Prof Zia Rahman, head of the criminology department at the University of Dhaka, said, “Developed countries have established criminal justice systems. But we have not been able to contain aggressive behaviour. In our culture, there is still hostility and aggression.
“Mob beatings have been happening in Bangladesh for a long time. For instance, a mob catches an errant driver after an accident and beats him to death. Sometimes, a pickpocket is left at the mercy of a mob after being caught,” he added.
The criminology professor also said there was too much superstition in the society, which is why many people saw the face of Sayeedi, a war criminal, on the moon.
“These superstitions are so prevalent in our society that we tend to believe anything without justifying it scientifically or rationally,” he said.
Dr Nehal Karim, professor of Sociology at University of Dhaka, also said such incidents were not new.
He said the role of law enforcement agencies and local government representatives should be brought under the scanner.
“If intelligence agencies worked properly, the situation would have been different. The ward commissioners can play a big role in maintaining peace and containing rumours in their areas,” he said.
He also alleged that people had no confidence in the police and judicial system, which led many to take the law in their own hands.
In terms of police’s role or lack of it in meting out justice, the Amin Bazar incident in the outskirts of Dhaka two years ago makes an interesting case study.
Al Amin, the sole survivor of the mob beating which left six of his friends dead, said while a Dhaka court earlier this month framed charges against 60 people, they were beaten by around 15 people. Family members of the victims feared the high number of accused would prolong the case proceedings.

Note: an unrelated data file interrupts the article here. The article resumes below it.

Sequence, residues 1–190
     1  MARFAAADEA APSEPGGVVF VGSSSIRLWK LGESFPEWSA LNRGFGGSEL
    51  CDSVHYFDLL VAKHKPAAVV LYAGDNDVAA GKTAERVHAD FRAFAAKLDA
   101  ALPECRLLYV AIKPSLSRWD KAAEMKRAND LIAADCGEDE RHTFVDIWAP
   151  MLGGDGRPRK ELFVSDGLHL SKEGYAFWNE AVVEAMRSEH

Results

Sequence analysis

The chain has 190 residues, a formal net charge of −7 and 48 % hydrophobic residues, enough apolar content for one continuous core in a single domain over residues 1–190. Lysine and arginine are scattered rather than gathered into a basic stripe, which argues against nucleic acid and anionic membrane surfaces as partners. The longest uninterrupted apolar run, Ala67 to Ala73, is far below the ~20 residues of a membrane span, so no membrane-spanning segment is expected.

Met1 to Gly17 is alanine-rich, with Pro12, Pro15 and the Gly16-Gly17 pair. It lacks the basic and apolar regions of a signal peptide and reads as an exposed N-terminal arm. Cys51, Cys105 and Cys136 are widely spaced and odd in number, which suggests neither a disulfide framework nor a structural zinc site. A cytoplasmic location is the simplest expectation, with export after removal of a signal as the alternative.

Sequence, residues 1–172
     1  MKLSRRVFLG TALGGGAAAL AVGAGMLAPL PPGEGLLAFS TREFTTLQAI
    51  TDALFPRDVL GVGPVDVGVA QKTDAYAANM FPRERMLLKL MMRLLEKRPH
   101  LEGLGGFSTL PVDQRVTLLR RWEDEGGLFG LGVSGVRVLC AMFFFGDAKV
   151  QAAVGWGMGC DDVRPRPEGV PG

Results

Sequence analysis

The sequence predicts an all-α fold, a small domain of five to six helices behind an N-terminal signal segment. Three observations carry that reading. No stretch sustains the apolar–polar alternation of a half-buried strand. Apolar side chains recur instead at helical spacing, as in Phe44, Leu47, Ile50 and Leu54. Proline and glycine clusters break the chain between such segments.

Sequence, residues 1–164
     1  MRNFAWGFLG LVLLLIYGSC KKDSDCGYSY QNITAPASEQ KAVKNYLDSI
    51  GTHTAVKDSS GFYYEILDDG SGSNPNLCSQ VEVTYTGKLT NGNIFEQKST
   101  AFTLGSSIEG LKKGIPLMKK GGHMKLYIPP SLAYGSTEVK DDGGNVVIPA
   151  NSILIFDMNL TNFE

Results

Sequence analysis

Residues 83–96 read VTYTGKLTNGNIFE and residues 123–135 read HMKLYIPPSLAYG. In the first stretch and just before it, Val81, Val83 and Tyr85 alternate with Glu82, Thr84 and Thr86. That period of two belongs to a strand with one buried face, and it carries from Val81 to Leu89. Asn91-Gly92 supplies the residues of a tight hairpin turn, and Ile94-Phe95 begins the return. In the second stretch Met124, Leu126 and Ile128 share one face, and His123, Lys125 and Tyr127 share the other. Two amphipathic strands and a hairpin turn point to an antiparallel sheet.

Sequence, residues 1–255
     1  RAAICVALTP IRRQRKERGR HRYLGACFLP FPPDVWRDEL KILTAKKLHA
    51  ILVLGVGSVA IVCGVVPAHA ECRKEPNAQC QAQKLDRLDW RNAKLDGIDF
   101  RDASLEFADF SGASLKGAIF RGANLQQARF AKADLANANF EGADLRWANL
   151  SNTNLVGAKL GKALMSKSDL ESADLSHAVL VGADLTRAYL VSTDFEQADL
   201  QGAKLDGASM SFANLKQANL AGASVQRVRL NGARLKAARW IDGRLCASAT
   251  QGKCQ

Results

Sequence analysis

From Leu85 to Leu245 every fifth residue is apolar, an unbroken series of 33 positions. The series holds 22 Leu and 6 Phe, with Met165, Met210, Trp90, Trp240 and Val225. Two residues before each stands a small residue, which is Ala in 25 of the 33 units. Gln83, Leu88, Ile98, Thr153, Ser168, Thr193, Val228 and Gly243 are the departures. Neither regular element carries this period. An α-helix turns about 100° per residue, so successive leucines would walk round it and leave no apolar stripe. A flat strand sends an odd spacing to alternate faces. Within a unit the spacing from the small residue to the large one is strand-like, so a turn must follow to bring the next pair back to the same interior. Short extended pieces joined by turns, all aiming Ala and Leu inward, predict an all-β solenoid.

They also expressed surprise that no policemen were indicted even though a judicial probe had found police negligence in protecting the victims. In fact, an investigation by The Daily Star revealed that a police official who was demoted to the rank of assistant sub-inspector for his negligence was again promoted back to his former rank after only a year.
Meanwhile, Law Minister Anisul Huq said, “Rumours of kidnapping creates a charged atmosphere and the situation becomes uncontrollable. But this is not a justification; we are trying to bring all the culprits to book.”
Voicing his suspicion, Anisul said, “The violence is clearly being orchestrated by vested quarters. A rumour starts in one part of the country and travels to other parts like wildfire.”
Rajib Nandy, assistant professor of the Communication and Journalism Department at the University of Chittagong, researched mob violence and concluded that mob psyche was different from individual psyche.
“When an individual acts, there is a sense of responsibility. But in a mob, there is a dispersion of responsibility and guilt,” he said.
The researcher said social media played a big role in spreading of rumours. “When new media expanded in Bangladesh, people of the country were not educated on how to behave responsibly [when using it].”
He also said people still had faith in the law, as they handed over the pickpockets or snatchers to police in some incidents.
The mob justifies its act as heroism to save the community, their identity, their children, themselves, he said.